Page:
We have studied the mechanisms of two proteins that account for the majority of human energy expenditure: myosin in muscle cells, and the Sodium/Potassium Pump in nerve cells. Look carefully at those mechanisms again, or "play the movie" in your mind as you consider these single frames from the movie:
For each of these, we see a series of shape-changes. Some are caused by having other molecules bind to the protein. For example,
Some of the shape-changes include the breakage of ATP into ADP and phosphate:
Now, having studied these dynamic systems, see if you can answer this simple question: where do you see energy being used?
Energy in these Reactions
Actually, every shape-change requires energy. Most of the time, the energy is provided by the wiggling and bumping of the surrounding molecules, which we often refer to as "heat." Additional energy is provided by the release-of-energy associated with breakdown of ATP to ADP and phosphate...but this is never visible. There's no mystical ball of white light that flies out of ATP and makes the protein dance. In fact, the step in which myosin breaks ATP to ADP + P is not the step that requires the most energy. That step, or shape-change, is the "power stroke" in which myosin pulls itself forward along the actin filament. The power stroke is triggered by the simple act of having the phosphate fall off of the surface of the protein.
The mechanism of energy use in these reactions is remarkably mundane. It's just part of the mechanical shape-changes of the proteins. All of the molecules that these proteins interact with trigger shape-changes; they all act as "mechanical switches" that toggle the protein's shape from one form to another.
In principle, any toggle between "shape A" and "shape B" should be able to go from A to B, or from B to A. For example, if sodium ions can bind to the pump protein and flip it to a "closed" form, then it should be perfectly easy for the wiggling an bumping of thermal energy to open the pump protein and let the sodium ions swim back into the interior of the cell. This probably happens fairly often inside cells. So...why don't muscles "un-contract" and the Na/K Pump shove sodium into cells? This is where ATP comes in. It's easy to break ATP into ADP + P. It's hard to put it back together again. For one thing, the ADP and phosphate molecules swim away from each other once they've been separated. This is probably the easiest way to "see" what's happening. Once they have diffused away from each other, then the shape-changes are pretty much stuck, and can't go the other way.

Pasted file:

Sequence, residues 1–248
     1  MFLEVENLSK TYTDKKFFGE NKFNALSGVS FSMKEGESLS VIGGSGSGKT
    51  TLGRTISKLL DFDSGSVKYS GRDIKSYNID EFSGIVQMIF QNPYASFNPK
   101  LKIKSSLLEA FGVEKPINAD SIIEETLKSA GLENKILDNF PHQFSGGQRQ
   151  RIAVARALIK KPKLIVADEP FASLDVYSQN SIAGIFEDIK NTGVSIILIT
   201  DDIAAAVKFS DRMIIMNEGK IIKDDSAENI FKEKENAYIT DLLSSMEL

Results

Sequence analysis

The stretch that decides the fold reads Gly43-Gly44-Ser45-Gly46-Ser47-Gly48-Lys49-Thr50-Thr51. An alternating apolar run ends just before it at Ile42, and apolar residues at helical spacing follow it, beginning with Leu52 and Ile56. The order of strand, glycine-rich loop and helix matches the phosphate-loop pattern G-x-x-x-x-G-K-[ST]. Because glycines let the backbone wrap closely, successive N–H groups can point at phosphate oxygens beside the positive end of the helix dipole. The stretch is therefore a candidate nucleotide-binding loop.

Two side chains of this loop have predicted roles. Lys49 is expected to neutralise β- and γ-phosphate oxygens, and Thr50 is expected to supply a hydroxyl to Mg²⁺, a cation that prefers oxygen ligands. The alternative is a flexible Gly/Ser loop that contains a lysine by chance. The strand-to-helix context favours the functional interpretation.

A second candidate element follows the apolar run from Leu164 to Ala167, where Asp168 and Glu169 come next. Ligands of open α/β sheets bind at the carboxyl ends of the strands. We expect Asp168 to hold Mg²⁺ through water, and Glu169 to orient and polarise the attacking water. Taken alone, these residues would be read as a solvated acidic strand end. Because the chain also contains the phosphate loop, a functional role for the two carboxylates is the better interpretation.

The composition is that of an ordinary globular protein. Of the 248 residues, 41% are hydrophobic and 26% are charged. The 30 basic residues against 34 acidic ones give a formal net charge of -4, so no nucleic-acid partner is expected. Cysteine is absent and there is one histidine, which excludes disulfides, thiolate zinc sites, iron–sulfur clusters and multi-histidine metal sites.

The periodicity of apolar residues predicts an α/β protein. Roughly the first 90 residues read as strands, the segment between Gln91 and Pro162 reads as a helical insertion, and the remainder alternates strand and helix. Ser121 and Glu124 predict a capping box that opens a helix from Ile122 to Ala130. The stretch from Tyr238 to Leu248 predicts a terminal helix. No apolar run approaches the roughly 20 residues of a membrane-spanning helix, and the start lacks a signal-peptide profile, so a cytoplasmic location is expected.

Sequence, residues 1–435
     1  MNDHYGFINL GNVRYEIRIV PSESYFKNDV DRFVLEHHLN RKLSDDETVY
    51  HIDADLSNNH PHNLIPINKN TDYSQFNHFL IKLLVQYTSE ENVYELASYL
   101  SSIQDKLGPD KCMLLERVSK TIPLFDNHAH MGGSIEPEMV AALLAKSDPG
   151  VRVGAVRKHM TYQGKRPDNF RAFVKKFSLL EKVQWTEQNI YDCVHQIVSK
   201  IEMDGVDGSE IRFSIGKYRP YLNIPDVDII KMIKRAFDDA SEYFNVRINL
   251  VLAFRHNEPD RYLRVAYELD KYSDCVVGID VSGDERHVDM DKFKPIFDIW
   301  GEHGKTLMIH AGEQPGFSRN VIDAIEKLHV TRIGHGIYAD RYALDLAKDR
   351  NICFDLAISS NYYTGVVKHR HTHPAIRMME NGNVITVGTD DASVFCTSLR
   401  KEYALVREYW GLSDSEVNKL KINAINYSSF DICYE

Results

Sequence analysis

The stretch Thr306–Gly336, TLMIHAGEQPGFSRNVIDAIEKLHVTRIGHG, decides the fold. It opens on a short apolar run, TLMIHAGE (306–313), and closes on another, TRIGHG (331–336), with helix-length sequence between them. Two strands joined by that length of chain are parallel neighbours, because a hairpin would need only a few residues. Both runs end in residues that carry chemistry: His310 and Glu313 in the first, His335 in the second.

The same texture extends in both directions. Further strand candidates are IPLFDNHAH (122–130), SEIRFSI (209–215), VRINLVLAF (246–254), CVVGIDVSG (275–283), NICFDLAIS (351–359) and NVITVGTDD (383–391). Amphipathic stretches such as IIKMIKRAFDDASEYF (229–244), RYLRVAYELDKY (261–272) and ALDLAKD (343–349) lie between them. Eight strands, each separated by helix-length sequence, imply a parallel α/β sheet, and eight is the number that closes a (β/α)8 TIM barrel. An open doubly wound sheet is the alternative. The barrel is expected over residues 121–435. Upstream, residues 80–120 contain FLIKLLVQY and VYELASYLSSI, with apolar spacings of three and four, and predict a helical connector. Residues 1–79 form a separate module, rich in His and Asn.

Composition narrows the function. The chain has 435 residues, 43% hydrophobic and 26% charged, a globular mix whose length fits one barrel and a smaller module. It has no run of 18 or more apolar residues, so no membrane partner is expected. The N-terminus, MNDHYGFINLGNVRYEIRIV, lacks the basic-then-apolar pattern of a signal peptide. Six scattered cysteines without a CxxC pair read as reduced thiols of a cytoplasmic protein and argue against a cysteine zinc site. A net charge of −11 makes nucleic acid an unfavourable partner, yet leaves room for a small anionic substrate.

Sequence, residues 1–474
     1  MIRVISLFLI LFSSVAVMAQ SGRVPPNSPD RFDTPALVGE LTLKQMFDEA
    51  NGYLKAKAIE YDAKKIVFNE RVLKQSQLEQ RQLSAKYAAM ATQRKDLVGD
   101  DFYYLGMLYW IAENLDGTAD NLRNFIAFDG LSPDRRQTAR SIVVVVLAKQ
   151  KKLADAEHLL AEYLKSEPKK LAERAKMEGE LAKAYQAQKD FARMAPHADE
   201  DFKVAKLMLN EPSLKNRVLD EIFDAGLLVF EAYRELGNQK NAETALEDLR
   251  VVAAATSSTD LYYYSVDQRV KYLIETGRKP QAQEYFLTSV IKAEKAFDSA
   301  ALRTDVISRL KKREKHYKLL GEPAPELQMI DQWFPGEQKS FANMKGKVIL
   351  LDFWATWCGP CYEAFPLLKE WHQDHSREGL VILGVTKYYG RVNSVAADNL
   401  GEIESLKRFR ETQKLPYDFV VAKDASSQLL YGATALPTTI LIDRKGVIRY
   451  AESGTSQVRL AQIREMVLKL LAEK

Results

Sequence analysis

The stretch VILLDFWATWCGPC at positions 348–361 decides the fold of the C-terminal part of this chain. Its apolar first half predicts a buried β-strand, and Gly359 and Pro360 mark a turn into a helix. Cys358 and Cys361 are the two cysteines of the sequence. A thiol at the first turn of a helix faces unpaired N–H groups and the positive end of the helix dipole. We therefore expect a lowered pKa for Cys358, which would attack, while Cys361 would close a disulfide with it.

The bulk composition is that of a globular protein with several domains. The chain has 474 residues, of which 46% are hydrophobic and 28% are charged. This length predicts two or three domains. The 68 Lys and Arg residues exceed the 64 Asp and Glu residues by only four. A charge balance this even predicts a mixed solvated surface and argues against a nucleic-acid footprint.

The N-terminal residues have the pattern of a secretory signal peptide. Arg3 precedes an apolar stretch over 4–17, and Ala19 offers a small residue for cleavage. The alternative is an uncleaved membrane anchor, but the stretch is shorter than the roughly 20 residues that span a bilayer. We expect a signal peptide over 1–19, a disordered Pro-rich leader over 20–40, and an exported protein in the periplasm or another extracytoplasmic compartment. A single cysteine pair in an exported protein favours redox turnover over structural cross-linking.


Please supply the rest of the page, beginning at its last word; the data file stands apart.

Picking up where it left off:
In chemical terms, we'd describe this (partly because the ADP and P diffuse apart) as ATP molecules having a higher "inherent energy level" than do the combination of ADP and P. That is, breaking ATP to ADP and phosphate releases energy. Some of the energy is kinetic energy (the swimming apart aspect) and is referred to as "entropy;" part of the energy is referred to as "enthalpy." Together, these make up the total "free energy," or what I've called "inherent" energy in the molecules.
We can't see the energy (especially the "inherent" energy level of a molecule), but we can intuitively understand the impact of ADP and phosphate swimming off in different directions. This makes these reactions pretty much irreversible. From this, we can derive a kind of "rule of thumb:"